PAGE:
Archive for August, 2022

“Shine,” (Transfiguration Sunday 2022)

This Sunday was originally slated to include a baptism at St. Brigid’s, which is why once again we celebrated the Feast of the Transfiguration in this church calendar year. Unfortunately, the baptism ended up postponed, but it was too late to change the bulletins and readings, so I just rolled with it. It’s a fantastic story; no harm telling it more than once.

I couldn’t stop watching it: a little video, made by a friend, set to music: “Here comes the girl! Hello, girl! Welcome.”

The girl in question was a trans girl, brand new in her journey toward presenting publicly as female in her daily life. Going through my own gender journey, I’d cleaned my closet of my more feminine things that didn’t feel like they really belonged to me anymore, and I thought I could pass some of it on to a trans or nonbinary person. She was modeling a flowered dress from that stash, doing that thing that all girls do when they get a new dress: twirling. Our body types are nothing alike, but I figured her height and proportions would just make the dress hang a bit differently than it did on me, and I was right. It looked amazing. She looked amazing. Her smile was so sweet, so shy. “Here comes the girl! Hello, girl! Welcome.”

She wasn’t on a mountaintop, but she was transfigured.

In the Book of Daniel, in response to four great beasts symbolizing four of the great empires that ran roughshod over Israel, a Holy Ancient One cleanses them with celestial fire, putting an end to the arrogant, hateful, and meaningless words of the last, most fearsome beast. And after that, when oppression has been put to the flame, one like a human being, coming with the clouds of heaven, approaches the Holy Ancient One, and is given full dominion over all things.

One like a human being, but clearly not – one who comes robed in cloud and seems unbothered by the torrents of holy fire that have poured forth from this Ancient One, and yet looks like us. One whose identity cannot be determined by the eyes alone. One whose true power is only made fully manifest when oppression is put to the flame.

One like us.

Jesus goes to the mountaintop. He takes his closest friends, Peter, James, and John. He doesn’t trust just anyone with the secret he is about to reveal.

He has already been about the work of putting systems of oppression to the flame. He has commissioned fishers, labourers, and a tax collector or two, to go out into the world with the power to heal, to exorcise, and to proclaim the Kingdom of God. He has fed five thousand people with the bread of abundance, given without price or restriction to all who hunger. He has confessed, in an act of radical honesty, that this kind of advocacy comes with a heavy cost – indeed, it usually leads to death – and has encouraged others who want to follow to join him in that work of self-sacrificing love, love totally divorced from any desire for earthly wealth or gain.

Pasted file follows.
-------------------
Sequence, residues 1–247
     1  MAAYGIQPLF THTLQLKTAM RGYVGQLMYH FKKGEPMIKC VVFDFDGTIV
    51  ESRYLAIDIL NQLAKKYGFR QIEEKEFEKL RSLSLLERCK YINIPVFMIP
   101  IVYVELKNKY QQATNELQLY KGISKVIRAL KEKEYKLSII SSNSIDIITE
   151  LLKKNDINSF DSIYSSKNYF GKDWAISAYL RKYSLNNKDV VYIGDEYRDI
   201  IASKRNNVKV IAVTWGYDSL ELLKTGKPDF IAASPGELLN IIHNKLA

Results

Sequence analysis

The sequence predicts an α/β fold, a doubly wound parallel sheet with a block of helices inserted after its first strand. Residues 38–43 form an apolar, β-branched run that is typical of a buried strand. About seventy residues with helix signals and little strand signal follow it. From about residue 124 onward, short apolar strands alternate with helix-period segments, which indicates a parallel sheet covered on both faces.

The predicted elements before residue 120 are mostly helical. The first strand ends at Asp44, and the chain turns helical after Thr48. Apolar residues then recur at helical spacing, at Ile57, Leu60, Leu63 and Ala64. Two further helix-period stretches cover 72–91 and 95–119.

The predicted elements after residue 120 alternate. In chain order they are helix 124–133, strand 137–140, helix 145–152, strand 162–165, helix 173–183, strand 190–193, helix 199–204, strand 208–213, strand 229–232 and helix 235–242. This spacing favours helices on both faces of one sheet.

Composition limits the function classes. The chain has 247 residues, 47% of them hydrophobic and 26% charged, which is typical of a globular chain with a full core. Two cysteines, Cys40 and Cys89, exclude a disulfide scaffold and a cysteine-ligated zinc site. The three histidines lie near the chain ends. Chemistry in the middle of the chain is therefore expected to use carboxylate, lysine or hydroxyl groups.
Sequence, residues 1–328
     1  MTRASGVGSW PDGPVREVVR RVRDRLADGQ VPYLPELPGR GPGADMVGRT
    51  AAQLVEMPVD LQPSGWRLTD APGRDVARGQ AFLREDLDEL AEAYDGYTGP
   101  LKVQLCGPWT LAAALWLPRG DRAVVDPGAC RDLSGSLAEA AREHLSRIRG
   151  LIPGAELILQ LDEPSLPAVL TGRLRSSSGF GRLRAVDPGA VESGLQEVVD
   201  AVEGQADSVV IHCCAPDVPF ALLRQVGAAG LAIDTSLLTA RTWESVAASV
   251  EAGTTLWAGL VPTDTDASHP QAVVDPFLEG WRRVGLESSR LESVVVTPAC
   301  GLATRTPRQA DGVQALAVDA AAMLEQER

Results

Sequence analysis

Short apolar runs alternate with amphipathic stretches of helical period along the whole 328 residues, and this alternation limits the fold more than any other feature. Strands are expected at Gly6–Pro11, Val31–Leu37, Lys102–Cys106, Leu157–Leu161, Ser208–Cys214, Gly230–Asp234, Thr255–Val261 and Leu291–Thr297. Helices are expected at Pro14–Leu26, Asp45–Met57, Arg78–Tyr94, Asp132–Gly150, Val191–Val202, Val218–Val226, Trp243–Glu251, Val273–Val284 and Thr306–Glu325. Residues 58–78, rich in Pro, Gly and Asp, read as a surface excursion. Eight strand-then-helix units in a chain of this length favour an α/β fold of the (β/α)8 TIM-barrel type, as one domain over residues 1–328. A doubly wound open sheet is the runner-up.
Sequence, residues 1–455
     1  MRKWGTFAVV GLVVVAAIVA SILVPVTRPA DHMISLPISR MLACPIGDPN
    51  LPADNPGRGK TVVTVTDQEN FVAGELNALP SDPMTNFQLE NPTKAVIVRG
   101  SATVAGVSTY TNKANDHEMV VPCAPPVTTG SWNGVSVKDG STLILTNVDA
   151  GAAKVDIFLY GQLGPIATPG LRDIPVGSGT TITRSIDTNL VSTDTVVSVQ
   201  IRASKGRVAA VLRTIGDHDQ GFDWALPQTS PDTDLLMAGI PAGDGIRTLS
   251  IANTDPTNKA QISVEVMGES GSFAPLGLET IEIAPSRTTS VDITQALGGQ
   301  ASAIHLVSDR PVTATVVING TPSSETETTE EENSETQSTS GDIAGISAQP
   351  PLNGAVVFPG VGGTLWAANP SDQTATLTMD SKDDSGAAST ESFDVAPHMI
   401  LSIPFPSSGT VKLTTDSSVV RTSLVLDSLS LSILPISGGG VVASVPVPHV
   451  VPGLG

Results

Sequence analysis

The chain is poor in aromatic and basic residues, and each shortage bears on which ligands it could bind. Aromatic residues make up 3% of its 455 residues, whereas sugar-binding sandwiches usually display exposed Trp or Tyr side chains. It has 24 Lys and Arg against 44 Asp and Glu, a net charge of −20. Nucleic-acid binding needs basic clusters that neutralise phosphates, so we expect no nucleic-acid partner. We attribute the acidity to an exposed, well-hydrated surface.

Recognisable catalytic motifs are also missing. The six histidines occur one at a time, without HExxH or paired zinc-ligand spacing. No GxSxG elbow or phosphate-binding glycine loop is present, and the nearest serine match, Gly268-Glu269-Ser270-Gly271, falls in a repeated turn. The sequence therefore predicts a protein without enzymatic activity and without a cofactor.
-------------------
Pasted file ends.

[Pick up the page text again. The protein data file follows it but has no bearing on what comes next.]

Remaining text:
And now, his true power, his true identity, is ready to be made manifest, at least for a moment.

On the mountaintop, in a period of deep prayer, accompanied by his closest friends, the ones he brought into the bedroom of Jairus’s daughter to witness her resurrection, he takes on a new form, a true form, a form that leaves nothing to the imagination. He is out and about.

Moses and Elijah, prophets who also led slaves to freedom, fed the hungry without price, and spoke truth to power, are suddenly beside him, placing him firmly, inescapably, in their legacy – in God’s legacy – of putting oppression to the flame.

In a bit of spooky foreshadowing the three companions are weighed down with sleep. In Chapter 22, they will once again be weighed down with sleep, not on a mountain, but in a garden. The Sufi mystic Rumi warns us, “If you want everlasting glory… if you want to burn with love, don’t go back to sleep. You have wasted so many nights; don’t go back to sleep.”